In other words, Sam and Brigitte together employ a type of healing that is totally in opposition to the dominant form of healing after finding this form totally effete and unresponsive to their lived reality. The healing they do perform is much like the healing of the wise woman and witch, it takes into consideration not only communal folklore, but also looks at how this folklore gets translated into etymology, the names we use for the world, the plants around us.

The kind of research that Sam and the kind of thinking that Brigitte each performs is — like the listening Sam performs in the greenhouse scene earlier — organic and fluid. They pose hypotheses that are open to change based on what experience tells them once they carry through with the treatment. It’s a kind of elastic healing so antithetical to what the medical profession might prescribe, so unlike the wall of formal words spewed at Brigitte and Ginger by the nurse that was so unhelpful, did nothing to assuage Ginger’s suffering. The film presents a type of medicine and healing that, like those of the witch, is in conversation with the people who have come before and that is open to being corrected by empirical findings. The film presents a meandering healing that is an antidote to the nurse’s “regular” form of healing that tells Ginger what to expect and sends her on her way, that never checks back in with her, that takes her suffering and pain as a given, rather than being something it ought to alleviate.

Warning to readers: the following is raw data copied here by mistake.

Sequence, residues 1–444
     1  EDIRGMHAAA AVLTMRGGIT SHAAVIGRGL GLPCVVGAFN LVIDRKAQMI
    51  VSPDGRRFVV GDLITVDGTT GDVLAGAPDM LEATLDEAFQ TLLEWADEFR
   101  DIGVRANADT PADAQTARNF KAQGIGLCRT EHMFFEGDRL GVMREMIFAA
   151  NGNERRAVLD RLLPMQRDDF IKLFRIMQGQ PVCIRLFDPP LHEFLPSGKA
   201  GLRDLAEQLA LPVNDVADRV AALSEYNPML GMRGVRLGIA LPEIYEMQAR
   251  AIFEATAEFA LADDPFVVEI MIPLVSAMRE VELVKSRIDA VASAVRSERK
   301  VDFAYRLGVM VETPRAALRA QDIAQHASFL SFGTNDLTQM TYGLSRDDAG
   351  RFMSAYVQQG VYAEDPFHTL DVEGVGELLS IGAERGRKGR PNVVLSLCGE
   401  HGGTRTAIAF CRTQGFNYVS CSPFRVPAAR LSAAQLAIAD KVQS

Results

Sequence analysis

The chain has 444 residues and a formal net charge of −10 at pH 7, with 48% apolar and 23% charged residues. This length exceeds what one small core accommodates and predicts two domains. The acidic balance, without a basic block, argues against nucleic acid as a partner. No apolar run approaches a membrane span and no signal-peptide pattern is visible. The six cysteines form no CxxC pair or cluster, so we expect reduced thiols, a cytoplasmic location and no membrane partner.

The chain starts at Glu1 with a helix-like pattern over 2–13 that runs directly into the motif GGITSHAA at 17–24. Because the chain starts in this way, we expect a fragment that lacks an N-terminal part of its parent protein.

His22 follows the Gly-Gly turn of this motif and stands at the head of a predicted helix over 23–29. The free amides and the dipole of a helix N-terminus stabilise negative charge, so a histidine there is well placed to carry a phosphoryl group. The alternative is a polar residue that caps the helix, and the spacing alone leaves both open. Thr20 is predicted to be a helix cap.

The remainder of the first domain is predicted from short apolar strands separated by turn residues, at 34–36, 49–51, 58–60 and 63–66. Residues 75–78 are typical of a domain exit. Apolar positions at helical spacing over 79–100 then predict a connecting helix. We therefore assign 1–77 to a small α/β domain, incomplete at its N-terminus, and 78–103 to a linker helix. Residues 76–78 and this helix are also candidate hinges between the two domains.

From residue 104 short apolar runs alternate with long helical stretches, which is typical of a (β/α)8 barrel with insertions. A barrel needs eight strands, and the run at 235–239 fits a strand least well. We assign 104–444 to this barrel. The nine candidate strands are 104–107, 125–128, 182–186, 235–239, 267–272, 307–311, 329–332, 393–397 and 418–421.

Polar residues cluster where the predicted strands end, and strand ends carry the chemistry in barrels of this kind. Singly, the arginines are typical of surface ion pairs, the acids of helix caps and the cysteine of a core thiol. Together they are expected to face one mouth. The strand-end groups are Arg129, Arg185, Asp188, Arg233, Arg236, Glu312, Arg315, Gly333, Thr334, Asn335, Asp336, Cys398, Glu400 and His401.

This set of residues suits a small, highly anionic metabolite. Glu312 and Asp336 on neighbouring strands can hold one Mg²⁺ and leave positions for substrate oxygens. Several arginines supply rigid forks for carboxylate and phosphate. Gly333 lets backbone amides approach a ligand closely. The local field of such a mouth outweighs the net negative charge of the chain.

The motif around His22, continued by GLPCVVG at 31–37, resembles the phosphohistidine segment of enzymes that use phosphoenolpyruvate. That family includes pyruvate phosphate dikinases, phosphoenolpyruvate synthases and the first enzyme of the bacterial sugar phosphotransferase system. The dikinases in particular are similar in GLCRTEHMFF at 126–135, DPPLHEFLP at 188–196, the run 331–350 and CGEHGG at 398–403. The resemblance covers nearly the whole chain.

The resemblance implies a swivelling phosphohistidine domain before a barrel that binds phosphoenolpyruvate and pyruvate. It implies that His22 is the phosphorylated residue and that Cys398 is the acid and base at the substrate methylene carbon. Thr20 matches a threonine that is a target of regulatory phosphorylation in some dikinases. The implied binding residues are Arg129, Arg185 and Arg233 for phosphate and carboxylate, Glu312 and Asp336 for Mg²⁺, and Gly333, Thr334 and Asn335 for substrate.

Ginger Snaps shows us — with so much blood and guts — how tough it is for women to have their pain validated by the medical profession that surrounds us. The film illustrates what WMN illustrates, that the available form of healing is inadequate. The film has us countenance a system that has the potential to fatally constrict our lives in the way that it chokes the suburb in Ginger Snaps, leaving it nothing but dead ends, a maze with a werewolf roaming through it. After all, the film begins with the neighborhood already under attack by the monster: it was always there and none of the systems in place could destroy it until Sam and his truck, until Sam and Brigitte with their experience-based thinking.


Where do we go from here?

This was never an attack on science, but on the profession of medicine, the exclusionary profession that has so suffused our everyday lives that we can’t see it for the trees. We can’t see it so we can’t question it. As Ehrenreich and English wrote WMN to elucidate the fact that other types of healing are possible, that there are other ways to approach facts, medicine, so I write that Ginger Snaps illustrates for us how this might be done. Ehrenreich and English’s goal was to show women of all classes and of all colors that there is a problem with the system, to point to it, and I hope to show, with a 22-year-old movie, that the problem persists.